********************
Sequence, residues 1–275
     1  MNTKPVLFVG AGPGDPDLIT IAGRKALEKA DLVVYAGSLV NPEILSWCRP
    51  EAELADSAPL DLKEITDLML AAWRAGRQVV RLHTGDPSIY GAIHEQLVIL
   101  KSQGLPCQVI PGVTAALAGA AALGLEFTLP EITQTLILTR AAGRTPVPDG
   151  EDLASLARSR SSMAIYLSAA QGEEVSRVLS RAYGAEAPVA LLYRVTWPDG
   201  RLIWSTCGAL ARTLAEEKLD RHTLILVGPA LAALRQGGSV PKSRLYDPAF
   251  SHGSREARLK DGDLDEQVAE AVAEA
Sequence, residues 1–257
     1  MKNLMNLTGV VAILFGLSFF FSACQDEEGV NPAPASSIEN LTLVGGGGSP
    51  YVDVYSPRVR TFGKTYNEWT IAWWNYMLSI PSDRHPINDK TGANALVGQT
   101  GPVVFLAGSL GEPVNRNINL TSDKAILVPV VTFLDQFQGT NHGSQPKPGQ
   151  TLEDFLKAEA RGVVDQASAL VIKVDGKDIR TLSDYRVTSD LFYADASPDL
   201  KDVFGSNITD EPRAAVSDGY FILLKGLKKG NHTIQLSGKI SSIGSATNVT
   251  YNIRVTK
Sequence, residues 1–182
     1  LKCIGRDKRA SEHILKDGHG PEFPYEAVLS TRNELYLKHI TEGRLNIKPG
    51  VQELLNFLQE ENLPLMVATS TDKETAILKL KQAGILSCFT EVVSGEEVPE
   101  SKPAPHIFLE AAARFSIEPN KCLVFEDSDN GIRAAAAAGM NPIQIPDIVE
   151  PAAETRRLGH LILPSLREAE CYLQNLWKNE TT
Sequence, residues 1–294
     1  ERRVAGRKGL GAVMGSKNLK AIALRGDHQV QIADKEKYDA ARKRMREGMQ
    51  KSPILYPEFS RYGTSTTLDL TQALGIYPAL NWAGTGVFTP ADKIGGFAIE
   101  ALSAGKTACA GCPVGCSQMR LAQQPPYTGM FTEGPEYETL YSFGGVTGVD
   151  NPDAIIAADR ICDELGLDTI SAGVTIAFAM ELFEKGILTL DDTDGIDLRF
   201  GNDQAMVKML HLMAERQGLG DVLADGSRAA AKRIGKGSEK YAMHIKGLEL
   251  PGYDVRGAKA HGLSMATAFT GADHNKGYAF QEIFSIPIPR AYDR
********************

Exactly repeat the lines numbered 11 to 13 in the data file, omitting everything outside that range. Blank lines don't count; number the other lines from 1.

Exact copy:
   101  GPVVFLAGSL GEPVNRNINL TSDKAILVPV VTFLDQFQGT NHGSQPKPGQ
   151  TLEDFLKAEA RGVVDQASAL VIKVDGKDIR TLSDYRVTSD LFYADASPDL
   201  KDVFGSNITD EPRAAVSDGY FILLKGLKKG NHTIQLSGKI SSIGSATNVT